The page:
Forth Bridge, Scotland
Opened in 1890 by the future King Edward VII, this is the world’s first major steel structure and represents a key milestone in railway civil engineering.
During construction, workers built a toilet over the water and boats would sometimes pass underneath! The “preserved” cubicle with no plumbing, no door and just a hole cut into a wooden bench is 155ft above the choppy Forth of Firth.
“Painting the Forth Bridge” is used as an expression of a neverending task, based on the assumption that at one time in the history of the bridge, repainting commenced immediately on completion of the previous paint job. It was last painted in 2011 and it’s now expected to last 25 years.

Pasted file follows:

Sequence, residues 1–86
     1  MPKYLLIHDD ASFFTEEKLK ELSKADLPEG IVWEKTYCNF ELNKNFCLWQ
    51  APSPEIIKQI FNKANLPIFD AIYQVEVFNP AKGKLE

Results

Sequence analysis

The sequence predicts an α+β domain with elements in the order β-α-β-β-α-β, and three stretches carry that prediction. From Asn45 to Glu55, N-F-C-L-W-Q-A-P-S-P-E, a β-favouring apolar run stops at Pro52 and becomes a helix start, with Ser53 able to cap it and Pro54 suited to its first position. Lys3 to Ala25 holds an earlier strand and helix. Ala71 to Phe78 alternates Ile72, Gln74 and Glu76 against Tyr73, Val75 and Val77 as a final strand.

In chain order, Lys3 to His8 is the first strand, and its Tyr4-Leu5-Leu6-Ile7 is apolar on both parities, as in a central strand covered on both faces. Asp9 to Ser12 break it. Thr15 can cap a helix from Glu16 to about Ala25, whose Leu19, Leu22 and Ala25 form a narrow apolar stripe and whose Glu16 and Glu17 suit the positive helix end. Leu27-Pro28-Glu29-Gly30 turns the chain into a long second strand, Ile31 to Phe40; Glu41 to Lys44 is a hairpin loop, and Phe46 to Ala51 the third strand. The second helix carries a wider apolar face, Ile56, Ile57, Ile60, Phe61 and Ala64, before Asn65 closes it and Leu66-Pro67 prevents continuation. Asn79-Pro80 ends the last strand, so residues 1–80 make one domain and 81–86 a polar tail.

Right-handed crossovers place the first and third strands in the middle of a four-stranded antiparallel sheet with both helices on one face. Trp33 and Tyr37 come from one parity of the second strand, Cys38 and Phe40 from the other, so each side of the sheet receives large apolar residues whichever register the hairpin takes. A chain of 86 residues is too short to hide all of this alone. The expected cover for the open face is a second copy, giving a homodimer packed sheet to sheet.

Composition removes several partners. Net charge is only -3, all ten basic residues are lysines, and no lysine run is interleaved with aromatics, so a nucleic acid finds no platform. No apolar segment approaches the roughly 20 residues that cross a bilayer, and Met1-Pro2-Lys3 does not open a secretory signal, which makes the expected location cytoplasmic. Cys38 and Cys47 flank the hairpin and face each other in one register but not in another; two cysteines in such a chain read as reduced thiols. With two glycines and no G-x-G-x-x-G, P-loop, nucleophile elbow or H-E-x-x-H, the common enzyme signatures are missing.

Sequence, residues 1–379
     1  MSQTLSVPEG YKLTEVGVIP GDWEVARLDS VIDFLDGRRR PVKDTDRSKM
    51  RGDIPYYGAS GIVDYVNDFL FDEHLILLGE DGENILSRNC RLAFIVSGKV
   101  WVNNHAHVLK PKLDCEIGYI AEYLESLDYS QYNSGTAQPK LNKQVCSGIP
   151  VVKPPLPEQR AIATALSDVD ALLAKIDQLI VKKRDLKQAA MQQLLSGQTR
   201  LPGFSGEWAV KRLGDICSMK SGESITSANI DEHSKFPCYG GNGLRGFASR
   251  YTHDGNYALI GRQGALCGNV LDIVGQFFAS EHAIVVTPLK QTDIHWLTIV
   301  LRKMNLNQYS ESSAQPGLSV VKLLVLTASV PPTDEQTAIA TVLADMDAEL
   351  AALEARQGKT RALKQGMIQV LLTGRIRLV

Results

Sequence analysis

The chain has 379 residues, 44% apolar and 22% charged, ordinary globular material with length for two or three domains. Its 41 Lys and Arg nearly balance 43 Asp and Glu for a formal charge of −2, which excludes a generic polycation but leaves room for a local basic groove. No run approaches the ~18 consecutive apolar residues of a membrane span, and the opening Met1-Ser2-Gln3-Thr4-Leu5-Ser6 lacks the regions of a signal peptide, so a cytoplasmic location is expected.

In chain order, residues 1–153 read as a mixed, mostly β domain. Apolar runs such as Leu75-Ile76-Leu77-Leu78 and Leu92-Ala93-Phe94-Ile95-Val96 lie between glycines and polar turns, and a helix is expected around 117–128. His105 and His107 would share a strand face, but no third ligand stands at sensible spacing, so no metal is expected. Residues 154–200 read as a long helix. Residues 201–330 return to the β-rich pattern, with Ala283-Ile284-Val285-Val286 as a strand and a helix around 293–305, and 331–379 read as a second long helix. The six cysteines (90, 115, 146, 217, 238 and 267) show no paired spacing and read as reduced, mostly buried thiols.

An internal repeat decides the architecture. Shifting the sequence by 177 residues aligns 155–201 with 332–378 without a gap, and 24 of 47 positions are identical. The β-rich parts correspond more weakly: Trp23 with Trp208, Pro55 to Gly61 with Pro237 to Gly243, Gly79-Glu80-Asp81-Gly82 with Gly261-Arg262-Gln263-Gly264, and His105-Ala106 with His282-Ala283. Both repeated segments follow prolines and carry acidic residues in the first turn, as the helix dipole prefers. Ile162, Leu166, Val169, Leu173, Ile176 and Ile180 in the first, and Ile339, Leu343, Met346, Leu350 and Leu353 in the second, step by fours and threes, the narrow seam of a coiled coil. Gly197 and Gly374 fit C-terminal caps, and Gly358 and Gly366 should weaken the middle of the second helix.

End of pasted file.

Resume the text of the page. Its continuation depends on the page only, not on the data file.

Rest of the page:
Immortalised in Alfred Hitchcock’s The 39 Steps, Iain Banks’s novel The Bridge, the posters for Irn Bru, as well as featuring in the opening ceremony of the Glasgow 2014 Commonwealth Games, it is also a UNESCO World Heritage Site.
Not to be confused with the Forth Road Bridge, it was the longest single cantilever bridge in the world and continues to operate as a rail route between Edinburgh and Aberdeen with up to 200 trains crossing its 8,094ft length every day. theforthbridges.org